More Visa Changes to support the reopening of Australia - 482, 457, 489, 491, 494 & 600 visas
The Australian Government continues to make significant changes to the visa system in a bid to attract and retain skilled migrants. It will soon be easier for skilled migrants to remain in Australia and continue working in critical sectors as Australia’s economic recovery continues.
Employer Sponsored Visas
The Minister for Immigration, Alex Hawke said these measures recognise the contribution of skilled migrants who remained here during the COVID-19 pandemic and encourage them to stay in Australia. These visa changes will improve access to permanent residence for:
Existing Temporary Skill Shortage (subclass 482) visa holders in the short-term stream.
Temporary Work Skilled (subclass 457) visa holders who no longer meet the age requirement.
There are currently about 20,000 primary Temporary Skill Shortage and 457 visa holders in Australia who may benefit from these arrangements. Most of these workers are employed in the highest-skilled occupations and the largest cohorts of workers benefiting from these changes include those currently employed in the health and hospitality industries, including many workers in regional Australia.
The Government will also extend visas for skilled regional (provisional visa) holders (subclass 489, 491 and 494) in recognition that this cohort has been adversely affected by COVID-19 related travel restrictions.
Current and expired skilled regional provisional visas will be extended, providing additional time to meet regional work requirements for permanent residence.
According to Minister Hawke, there are currently around 9,000 skilled regional provisional visa holders overseas. These visa holders can enter Australia from 1 December 2021, and they will also be eligible for an extension of their visa.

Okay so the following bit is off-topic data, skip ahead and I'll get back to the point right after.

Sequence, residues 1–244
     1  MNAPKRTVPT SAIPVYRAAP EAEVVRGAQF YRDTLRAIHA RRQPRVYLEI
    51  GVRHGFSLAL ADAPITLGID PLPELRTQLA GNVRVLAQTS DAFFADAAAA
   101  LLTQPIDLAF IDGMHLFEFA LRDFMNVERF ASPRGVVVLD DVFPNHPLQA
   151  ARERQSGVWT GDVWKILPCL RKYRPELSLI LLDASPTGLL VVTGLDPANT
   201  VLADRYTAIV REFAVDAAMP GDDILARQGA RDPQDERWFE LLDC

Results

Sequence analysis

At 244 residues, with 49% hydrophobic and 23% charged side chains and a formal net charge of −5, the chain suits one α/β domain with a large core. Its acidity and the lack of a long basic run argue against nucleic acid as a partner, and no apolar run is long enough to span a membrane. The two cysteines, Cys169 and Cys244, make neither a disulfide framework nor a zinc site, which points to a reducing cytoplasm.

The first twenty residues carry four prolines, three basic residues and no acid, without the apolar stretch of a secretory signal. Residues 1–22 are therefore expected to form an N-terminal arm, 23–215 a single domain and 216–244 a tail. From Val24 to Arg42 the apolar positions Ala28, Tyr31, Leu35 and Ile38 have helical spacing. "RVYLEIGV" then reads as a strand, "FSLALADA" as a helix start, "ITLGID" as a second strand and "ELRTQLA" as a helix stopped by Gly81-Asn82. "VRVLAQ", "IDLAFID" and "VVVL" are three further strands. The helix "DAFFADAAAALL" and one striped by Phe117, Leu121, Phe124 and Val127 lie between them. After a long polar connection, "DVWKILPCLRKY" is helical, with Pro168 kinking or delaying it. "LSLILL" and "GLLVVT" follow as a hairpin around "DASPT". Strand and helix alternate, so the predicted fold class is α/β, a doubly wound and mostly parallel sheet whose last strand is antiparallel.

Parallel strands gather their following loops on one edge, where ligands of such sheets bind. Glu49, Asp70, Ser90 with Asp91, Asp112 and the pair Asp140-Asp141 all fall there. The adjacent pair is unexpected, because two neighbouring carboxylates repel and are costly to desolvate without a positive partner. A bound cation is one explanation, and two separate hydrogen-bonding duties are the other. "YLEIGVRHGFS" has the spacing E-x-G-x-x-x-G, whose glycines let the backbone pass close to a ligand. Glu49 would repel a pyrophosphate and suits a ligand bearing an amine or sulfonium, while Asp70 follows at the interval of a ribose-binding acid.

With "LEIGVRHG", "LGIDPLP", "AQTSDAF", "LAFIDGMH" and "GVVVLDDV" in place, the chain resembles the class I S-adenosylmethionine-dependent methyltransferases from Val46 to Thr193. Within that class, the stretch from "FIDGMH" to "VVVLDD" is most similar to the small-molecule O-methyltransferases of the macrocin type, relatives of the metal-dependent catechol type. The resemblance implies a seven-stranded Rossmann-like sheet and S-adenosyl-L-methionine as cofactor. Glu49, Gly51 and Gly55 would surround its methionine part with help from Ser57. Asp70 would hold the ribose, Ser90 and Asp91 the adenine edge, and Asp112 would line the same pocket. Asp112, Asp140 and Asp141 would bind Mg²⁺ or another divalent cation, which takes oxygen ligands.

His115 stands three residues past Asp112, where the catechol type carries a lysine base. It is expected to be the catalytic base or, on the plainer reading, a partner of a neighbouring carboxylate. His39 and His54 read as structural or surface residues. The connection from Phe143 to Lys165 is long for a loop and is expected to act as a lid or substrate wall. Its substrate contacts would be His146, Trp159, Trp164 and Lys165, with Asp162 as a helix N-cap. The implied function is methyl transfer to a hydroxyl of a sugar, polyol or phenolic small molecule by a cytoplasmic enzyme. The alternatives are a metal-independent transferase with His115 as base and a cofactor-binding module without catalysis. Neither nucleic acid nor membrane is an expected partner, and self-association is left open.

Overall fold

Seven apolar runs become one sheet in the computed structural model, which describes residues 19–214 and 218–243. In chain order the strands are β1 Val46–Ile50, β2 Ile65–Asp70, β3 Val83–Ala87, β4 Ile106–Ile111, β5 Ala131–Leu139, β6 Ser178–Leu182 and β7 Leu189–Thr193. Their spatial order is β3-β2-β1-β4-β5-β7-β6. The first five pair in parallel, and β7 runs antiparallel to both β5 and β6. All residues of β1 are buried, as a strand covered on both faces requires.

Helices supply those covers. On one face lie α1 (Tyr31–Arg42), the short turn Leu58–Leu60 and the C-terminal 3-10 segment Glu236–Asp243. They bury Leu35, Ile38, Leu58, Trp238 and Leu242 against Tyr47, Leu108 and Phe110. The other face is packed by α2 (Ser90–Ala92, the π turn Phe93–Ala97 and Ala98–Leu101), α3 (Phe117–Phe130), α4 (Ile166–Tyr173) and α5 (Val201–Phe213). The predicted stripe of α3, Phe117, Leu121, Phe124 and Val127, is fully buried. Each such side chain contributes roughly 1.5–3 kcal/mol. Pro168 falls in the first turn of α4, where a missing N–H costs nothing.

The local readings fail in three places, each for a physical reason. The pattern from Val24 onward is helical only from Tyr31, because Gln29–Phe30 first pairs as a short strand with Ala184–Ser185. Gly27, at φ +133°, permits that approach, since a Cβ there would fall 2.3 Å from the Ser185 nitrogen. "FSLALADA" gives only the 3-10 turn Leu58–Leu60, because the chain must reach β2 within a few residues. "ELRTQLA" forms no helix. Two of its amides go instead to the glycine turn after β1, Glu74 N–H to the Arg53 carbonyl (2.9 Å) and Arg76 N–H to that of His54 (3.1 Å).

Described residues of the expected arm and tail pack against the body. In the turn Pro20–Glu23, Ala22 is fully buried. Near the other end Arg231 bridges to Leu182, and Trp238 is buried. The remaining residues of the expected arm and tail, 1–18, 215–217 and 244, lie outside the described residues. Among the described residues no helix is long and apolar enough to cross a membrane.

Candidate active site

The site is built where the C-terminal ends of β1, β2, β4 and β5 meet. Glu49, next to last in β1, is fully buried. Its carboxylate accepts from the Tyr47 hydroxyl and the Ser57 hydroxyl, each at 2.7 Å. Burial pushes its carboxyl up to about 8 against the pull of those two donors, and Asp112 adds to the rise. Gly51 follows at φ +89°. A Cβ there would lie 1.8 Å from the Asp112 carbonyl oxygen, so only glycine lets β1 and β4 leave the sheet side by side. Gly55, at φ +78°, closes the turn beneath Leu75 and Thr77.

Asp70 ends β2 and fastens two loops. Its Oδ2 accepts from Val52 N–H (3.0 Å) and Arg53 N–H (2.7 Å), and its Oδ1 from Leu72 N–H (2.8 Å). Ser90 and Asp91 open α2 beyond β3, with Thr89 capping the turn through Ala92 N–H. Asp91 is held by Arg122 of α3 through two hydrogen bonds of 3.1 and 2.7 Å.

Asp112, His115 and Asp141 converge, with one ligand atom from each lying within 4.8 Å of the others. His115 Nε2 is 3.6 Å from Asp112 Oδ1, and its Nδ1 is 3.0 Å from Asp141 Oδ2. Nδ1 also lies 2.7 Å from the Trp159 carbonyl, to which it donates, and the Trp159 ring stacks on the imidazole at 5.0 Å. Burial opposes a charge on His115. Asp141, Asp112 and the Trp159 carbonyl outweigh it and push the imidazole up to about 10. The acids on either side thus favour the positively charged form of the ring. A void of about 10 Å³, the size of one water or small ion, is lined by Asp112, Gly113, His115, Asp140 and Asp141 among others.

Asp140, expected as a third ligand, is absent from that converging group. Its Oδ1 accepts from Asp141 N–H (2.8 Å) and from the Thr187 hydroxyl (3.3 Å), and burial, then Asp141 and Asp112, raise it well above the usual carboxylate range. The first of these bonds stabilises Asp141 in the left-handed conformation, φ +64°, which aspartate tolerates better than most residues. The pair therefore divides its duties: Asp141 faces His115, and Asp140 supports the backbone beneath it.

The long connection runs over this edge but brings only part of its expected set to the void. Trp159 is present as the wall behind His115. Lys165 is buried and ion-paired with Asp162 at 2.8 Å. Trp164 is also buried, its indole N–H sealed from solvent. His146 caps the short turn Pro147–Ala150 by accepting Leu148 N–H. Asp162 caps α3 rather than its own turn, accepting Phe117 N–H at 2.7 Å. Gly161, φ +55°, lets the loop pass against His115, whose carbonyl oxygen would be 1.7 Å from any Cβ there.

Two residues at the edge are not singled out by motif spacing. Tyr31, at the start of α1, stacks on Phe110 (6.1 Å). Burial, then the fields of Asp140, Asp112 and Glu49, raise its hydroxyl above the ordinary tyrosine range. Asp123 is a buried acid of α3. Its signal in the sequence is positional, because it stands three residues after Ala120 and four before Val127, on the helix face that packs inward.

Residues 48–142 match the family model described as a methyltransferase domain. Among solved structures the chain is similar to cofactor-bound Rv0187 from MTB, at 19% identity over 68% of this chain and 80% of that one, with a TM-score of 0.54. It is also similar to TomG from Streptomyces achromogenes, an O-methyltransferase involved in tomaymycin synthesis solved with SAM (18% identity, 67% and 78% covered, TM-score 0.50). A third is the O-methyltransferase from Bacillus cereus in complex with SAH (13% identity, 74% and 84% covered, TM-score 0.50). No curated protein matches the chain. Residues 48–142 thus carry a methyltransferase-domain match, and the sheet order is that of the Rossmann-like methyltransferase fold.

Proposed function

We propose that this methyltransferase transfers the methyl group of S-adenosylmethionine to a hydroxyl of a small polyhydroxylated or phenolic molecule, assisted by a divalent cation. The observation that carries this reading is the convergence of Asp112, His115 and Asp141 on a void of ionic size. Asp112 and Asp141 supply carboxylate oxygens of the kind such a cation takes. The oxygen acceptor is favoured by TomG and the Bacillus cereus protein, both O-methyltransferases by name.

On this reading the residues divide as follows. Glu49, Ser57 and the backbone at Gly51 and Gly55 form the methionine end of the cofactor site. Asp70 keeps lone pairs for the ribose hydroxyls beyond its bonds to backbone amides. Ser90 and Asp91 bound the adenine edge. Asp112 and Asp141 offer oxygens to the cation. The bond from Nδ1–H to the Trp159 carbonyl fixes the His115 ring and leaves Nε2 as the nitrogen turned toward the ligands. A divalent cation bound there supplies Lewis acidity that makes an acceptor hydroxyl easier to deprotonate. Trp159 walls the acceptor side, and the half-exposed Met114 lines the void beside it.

In recognition of ongoing border arrangements, the Government will also extend by a further six-months Visa Application Charge waivers for new Visitor visa applicants overseas where their visa expired, or will expire, between 1 January 2022 and 30 June 2022.
“This measure will support the tourism industry by welcoming back visitors once it is safe to do so,” Minister Hawke said.
The announcement is good news however it doesn't go into detail. For example, we do not yet know under what criteria will subclass 482 visa holders in the short-term stream be permitted to apply for permanent residence. Once the amendments to the legislation are published, we will have a better understanding of when and how visa holders can benefit from these changes.
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Elan Rysher is a Registered Migration Agent and Qualified Student Counsellor. He is the main Writer for ImmiUpdates and the founder of Rysher Migration. Elan has many years of experience working in immigration, finance and health. Being a former migrant himself, Elan is passionate about helping others fulfil their Australian dream.
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